Marathi is a very challenging language. The alphabet has multiple ‘D’, ‘K’ and ‘T’ letters, whose different sounds I have difficulty discriminating, and the language has grammar rules that are backwards and complicated compared to the rules of English and Spanish. It is both frustrating and fun to learn; it is discouraging that some words just won’t stick in my head, but the staff at CRHP are eager to teach and encouraging instructors. I enjoy spending time in the library exchanging English phrases for Marathi with Dnyaneshwar, a worker on the Mobile Health Team, chatting with Dr. Raju in the hospital learning parts of the body and how to ask medical questions, and going out with the MHT for village visits, where a Marathi lesson is almost guaranteed. It is gratifying to learn and even more exciting to facilitate others in learning my language.
no notebook? no problem: Madhu teaches how to write ‘wait’ (white) and ‘balk’ (black) in the script
I never really considered learning another language besides Spanish because its utility in America couldn’t compare to that of Spanish, and its interesting how my head is handling this new tongue: since coming to Jamkhed and beginning to learn Marathi, my brain has interjected Marathi phrases with Spanish words, defaulting to Español to fill in gaps in sentences. I’ve found myself saying, “Kuthe vas?” or “Ya ikre por favor”, as if the wires are crossed and I output mixed signals. I have also found that its becoming harder to recall Spanish vocabulary, as more Marathi is pushing its way into my brain and being.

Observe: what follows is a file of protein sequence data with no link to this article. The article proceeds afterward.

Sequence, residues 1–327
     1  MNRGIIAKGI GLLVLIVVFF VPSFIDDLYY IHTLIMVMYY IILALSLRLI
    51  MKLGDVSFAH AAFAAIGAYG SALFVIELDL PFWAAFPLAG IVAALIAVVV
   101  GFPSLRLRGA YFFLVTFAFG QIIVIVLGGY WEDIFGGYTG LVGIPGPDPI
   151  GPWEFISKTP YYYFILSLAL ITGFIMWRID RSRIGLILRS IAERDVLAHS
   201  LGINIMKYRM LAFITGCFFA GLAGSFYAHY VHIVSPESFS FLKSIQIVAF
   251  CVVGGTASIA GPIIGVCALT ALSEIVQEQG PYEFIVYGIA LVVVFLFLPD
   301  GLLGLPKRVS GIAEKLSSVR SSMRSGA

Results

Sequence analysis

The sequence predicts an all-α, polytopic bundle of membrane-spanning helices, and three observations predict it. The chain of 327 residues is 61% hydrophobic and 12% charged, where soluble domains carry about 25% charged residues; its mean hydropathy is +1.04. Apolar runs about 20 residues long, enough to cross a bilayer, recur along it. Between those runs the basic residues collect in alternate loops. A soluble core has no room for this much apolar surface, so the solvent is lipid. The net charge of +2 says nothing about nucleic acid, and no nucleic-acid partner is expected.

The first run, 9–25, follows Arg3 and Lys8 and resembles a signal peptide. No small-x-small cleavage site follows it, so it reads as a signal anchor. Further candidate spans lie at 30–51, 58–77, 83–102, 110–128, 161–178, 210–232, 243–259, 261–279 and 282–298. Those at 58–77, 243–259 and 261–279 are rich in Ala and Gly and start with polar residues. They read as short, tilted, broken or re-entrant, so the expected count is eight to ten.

In the whirlwind of Jamkhed work and life, I haven’t exactly made learning Marathi my first priority, and sometimes I am really disappointed in myself for not being able to communicate and missing out on a a joke or a serious discussion. This linguistic barrier, however, has made explicit the value of being able to communicate appropriately, clearly, and personally with one’s patients; on the flip side, it has made me realize that a great deal of medicine and caring for a patient is involved in non-verbal communication, including attitude, respect, even the atmosphere of the office.
Today a baby boy was born in the hospital, and I scrubbed in and assisted with the delivery(even though it was the woman’s 4th child and it was a breeze!) and gave the newborn a bath. I was able to tell the mother it was a healthy baby boy, weighing 3.25kg, and ask her how she was feeling and if she wanted water or preferred to rest. As I carried the wide-eyed little bundle out of the OR into the maternity ward, I was able to ask the family members who they were in relation, and make small conversation about it being lunchtime and the baby’s chubby cheeks. I was also able to explain my camera, ask if it was okay to take a picture, and apologize when the flash almost made the newborn cry. These are ‘baby’ steps (that pun is for you, Richard), but as I look back to the first baby I saw delivered, I feel much more connected to the family and this miracle today than I did then, simply because I could speak with the nurses and mother and family.